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For Grades K-4 , week of Jan. 08, 2024


Millions of people tune in every New Year’s Eve to watch a giant, sparkling crystal ball descend at midnight to mark the moment the year changes. But in towns across the country, other objects are used for the year-end ritual. Mt. Olive, North Carolina, drops a giant pickle in honor of the Mt. Olive Pickle Company. Mobile, Alabama, uses a 600-pound MoonPie, a s’mores-like treat popular in the South. In the laid-back beach town of Folly Beach, South Carolina, they use a giant flip-flop shoe, while Temecula, California, has lit-up grapes to symbolize its location among the state’s many vineyards. What item would you use on New Year’s Eve that symbolizes your life, family, or community? Draw what it would look like and write a description of why you chose that item.


When you mail something with the US Postal Service, you expect it will be delivered soon after. But what if something you sent took a whole lifetime to arrive? That was the case with a letter mailed to an Illinois couple in 1943. It was lost at the post office for eighty years—likely because the sender had written the street but not the house number—before a worker found it and decided to track down family members of the original recipients. It finally made it to a relative who lived in Portland, Oregon, thanks to that postal worker’s efforts. Write your own letter as if it’s going to be delivered to a family member decades from now. What kind of things would you want to tell them about you and your life? What about the community you live in?


New York schools have fallen behind the rest of the country when it comes to teaching reading. Last year, fewer than half of the third graders in the state scored well on state reading tests. Now, New York’s governor is trying to fix it by changing the way reading is taught in schools. Teachers will be retrained on the “science of reading,” helping them understand new ways of teaching children to sound out words, understand their meaning, and expand their vocabulary. This is different from previous ways, like teaching children to guess words using pictures for clues. Experts say that way doesn’t teach enough understanding of phonics, or the way sounds represent letters or groups of letters. Why do you think it’s important to understand how to read? Studies say children who don’t learn how to read well are more likely to dropS out of school later on—why do you think that is? What are some ways that reading in the classroom could be more fun, so kids are more likely to want to do it? Write down some of your answers and share them with your classmates.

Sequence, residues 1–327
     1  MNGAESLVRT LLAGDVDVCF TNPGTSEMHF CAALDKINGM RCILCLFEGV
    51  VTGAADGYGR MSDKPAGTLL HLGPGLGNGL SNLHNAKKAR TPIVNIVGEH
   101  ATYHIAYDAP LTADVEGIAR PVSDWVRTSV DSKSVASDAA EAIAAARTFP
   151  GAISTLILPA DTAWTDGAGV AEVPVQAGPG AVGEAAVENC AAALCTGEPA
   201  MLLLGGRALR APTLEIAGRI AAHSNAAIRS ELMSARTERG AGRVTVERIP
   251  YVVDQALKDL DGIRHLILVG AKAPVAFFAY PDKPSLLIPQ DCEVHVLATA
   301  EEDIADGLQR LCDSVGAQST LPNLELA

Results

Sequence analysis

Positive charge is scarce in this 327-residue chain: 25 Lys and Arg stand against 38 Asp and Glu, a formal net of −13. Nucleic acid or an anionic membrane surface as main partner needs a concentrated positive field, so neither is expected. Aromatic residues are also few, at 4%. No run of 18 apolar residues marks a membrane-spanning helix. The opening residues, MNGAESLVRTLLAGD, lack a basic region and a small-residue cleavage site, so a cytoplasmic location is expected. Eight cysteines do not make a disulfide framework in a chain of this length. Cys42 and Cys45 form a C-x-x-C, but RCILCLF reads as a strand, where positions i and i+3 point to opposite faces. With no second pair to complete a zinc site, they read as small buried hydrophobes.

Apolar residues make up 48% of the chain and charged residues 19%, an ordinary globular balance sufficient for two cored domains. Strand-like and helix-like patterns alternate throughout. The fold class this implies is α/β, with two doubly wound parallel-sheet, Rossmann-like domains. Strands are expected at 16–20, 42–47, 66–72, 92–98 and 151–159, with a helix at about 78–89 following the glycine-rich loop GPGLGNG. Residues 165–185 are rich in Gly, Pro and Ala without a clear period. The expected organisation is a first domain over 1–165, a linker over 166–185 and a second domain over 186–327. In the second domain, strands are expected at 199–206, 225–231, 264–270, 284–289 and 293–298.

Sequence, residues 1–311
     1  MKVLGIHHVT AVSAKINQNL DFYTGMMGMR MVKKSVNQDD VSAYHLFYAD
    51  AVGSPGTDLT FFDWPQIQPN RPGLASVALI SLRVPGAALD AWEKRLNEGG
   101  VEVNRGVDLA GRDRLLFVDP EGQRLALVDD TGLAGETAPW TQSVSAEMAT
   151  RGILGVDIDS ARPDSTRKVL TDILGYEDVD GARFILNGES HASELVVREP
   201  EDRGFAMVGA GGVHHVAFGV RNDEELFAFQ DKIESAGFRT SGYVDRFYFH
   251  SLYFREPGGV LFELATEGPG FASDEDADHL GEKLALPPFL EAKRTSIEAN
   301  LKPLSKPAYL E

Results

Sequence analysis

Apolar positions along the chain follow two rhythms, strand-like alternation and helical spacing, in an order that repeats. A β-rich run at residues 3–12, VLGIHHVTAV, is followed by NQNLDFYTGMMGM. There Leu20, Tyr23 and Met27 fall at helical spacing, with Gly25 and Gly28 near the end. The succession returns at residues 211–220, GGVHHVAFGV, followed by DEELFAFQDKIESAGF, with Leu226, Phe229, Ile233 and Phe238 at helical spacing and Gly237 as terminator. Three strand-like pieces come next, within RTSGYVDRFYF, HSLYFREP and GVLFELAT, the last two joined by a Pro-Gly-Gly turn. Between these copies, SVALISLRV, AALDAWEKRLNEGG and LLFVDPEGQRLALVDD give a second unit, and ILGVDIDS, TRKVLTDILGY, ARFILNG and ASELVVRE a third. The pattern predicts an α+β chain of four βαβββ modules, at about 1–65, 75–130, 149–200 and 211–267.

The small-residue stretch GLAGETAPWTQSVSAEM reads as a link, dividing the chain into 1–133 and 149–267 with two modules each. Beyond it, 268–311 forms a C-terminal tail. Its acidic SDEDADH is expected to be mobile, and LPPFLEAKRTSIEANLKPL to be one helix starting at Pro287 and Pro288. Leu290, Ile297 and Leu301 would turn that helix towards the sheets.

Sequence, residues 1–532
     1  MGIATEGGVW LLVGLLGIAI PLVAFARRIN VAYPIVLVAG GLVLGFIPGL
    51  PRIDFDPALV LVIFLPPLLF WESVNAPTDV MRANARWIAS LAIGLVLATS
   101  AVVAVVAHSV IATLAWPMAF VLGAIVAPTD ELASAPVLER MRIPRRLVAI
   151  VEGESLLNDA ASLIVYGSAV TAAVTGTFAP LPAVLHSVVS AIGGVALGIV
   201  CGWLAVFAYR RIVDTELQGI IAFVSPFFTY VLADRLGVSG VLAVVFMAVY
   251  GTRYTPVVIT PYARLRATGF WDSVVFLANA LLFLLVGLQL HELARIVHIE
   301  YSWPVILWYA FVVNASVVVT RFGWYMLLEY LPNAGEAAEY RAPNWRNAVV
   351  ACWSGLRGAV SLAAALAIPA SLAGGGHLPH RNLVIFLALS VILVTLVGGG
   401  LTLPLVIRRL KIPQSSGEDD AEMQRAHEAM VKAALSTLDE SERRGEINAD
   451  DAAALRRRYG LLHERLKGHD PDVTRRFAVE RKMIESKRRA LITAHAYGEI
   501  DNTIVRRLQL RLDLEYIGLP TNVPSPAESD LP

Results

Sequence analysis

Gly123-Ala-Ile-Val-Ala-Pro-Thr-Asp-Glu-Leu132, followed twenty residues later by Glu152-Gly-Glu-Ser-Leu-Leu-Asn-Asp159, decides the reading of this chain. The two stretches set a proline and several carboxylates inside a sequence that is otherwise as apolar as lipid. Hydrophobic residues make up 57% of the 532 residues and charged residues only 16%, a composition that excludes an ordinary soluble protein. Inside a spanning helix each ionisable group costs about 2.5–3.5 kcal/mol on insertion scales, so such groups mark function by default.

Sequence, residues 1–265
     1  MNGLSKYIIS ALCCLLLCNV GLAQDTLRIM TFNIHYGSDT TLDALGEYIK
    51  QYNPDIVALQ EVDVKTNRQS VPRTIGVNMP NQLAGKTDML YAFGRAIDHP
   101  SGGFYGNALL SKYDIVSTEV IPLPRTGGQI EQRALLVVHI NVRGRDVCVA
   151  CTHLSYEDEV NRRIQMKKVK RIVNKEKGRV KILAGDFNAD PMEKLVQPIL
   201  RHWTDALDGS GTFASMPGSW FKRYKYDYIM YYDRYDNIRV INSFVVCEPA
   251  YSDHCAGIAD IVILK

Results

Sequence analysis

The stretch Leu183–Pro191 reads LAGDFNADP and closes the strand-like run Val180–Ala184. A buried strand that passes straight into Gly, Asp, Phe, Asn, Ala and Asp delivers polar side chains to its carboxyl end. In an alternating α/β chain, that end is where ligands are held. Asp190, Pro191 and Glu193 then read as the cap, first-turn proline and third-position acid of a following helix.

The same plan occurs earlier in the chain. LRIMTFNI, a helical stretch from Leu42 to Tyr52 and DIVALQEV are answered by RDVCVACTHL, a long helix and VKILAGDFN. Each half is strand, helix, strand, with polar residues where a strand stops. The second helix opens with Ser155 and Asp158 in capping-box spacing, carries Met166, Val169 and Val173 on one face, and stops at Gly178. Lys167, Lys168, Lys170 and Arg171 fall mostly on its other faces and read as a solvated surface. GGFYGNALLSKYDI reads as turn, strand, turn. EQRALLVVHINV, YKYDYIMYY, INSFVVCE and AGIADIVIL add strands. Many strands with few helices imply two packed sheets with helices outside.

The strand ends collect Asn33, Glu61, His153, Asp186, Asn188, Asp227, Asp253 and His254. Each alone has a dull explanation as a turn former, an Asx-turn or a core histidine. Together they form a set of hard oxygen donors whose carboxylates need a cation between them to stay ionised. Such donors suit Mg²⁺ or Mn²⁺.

A woman in Florida is suing Hershey’s because one of their products doesn’t look the way it’s pictured on the wrapper. Reese’s Peanut Butter Pumpkins are a specialty Reese’s Cup sold every year around Halloween. The wrapper shows a chocolate pumpkin with a cutout jack-o-lantern face on it, but the product inside is just the pumpkin-shaped peanut butter filling covered in chocolate without the face detail. A Florida woman has filed a lawsuit against Hershey’s, the maker of Reese’s products, calling it false representation of their product. She said she was misled by the packaging and wouldn’t have bought the pumpkins if she knew they didn’t have the jack-o-lantern face on them. Write a summary of this story, using facts you read here.


Taylor Swift has broken another record with her music. In the past two years, she’s released her old albums that she’s re-recorded, labeled “Taylor’s Version,” which include new bonus songs. They’ve been so popular, she’s now been at number 1 on Billboard’s music charts 68 times from 13 albums. She’s now appeared at number 1 more than any other solo artist, beating out Elvis Presley for the top spot. The Beatles are the only act to have been at number 1 more times at 132. Her latest rerelease, “1989 (Taylor’s Version),” has been streamed more than one billion times in the United States alone. If you could interview Taylor Swift about her music, write five questions you would ask her.